Some ideas -- electric cars -- were impossibly futuristic until they happened. Others -- like user-generated videos or free e-mail accounts -- were things that the public didn’t know it wanted until they existed. Others, like prepaid electricity meters and eBooks, are making a comeback.

Below is my list of technologies that should’ve, would’ve and perhaps could’ve been contenders if circumstances were different. Instead, they are just highly touted technologies that will likely land on the scrap heap of history along with the Stanley Steamer, the Nuclear Airplane and all the members of Ratt.

A caveat: I didn’t include technologies on the list -- fusion, osmotic pressure gradients, or modular nuclear -- that are still in the development stage but could have a massive potential. Conversely, I’ve left out the pure crazies. The list below contains the ones that almost made it.

1. Stirling Engines. Stirling engines -- which try to convert solar heat into power via a piston and a mass of hot air or hydrogen -- have nearly all of the hallmarks of an intriguing idea doomed to obscurity. Stirlings have a long history (first created by Scottish inventor Robert Stirling in 1816), potential applications in a variety of fields, a legion of technical papers, and a long line of exuberant fans.

Stirling Energy Systems and Tessera Solar hoped to build solar thermal parks based around Stirling’s 25-kilowatt SunCatcher. The SunCatcher exhibited a whopping 31 percent efficiency, higher than other solar thermal technologies.

Stirling engines, however, also suffer from a major problem: competing technologies work better. The SunCatcher at its core is powered by a rapidly moving piston: try keeping that operating flawlessly in the desert for 25 years at a stretch. Stirling engines also remain the only solar thermal technology without an inherent mechanism for storing heat. The declining price of solar panels damaged this technology's potential, as well. At the end of 2010, the companies gave up on the idea.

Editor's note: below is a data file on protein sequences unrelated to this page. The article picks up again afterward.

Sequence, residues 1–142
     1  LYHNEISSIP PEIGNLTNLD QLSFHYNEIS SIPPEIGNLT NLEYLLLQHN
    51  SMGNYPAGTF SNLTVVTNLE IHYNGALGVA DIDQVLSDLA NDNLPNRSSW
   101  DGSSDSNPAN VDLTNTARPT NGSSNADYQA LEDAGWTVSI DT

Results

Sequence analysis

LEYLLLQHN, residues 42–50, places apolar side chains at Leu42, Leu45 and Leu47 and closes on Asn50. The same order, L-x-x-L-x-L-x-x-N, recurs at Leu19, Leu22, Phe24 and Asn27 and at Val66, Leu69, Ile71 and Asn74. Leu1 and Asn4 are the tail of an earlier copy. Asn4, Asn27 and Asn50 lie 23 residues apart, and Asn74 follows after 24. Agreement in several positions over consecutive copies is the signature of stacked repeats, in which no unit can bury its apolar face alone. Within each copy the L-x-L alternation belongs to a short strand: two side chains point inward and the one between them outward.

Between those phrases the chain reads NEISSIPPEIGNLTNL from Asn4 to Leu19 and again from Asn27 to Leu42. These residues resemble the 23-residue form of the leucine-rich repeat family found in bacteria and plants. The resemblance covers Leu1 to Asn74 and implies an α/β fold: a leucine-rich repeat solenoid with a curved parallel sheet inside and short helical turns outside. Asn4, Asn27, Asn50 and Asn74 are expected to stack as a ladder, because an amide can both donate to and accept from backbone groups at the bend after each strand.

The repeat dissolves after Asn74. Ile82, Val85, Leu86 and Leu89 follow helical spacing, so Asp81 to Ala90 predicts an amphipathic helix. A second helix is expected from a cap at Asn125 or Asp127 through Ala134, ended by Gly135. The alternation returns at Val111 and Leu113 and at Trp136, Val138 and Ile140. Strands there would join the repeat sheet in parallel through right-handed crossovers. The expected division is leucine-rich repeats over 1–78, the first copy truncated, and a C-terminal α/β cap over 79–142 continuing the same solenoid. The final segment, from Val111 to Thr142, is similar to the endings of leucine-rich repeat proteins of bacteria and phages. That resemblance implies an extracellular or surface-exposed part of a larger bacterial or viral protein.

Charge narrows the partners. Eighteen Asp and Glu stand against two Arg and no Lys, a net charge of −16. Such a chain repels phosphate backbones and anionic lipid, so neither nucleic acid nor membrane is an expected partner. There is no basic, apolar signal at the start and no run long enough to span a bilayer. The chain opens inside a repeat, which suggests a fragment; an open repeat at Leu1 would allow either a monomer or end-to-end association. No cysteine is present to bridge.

2. Portable Methanol Fuel Cells. For nearly a decade, I’ve had meetings with companies touting direct methanol fuel cells (which produce electricity from a sealed tub of methanol) and the same question always comes up.

Why would a consumer want to carry around a little jug of flammable liquid to charge up their camera or phone when they could just 1) carry some spare batteries or 2) plug it into a charger?

You never get a straight answer. It’s as if these companies think most Americans spent their teen years in a KISS tribute band and are pretty comfortable lugging around lighter fluid. While large-scale methanol fuel cells may carve out a market in forklifts and industrial equipment (where the economics and applications are totally different) the portable market looks dead.

Nonetheless, the prototypes have all been great, particularly the fuel-cell-powered TV from Toshiba.

3. The Three-Wheeled Car. First, there was the Dymaxion, a three-wheeled car with a tail fin from Buckminster Fuller. It crashed during its public debut in 1933.

Then came the Messerschmitt. During the early '50s, the aircraft maker of the Third Reich was not allowed to make planes. It took the cockpit from a bomber and made a three-wheeler. When allowed to return to planes, it dropped cars.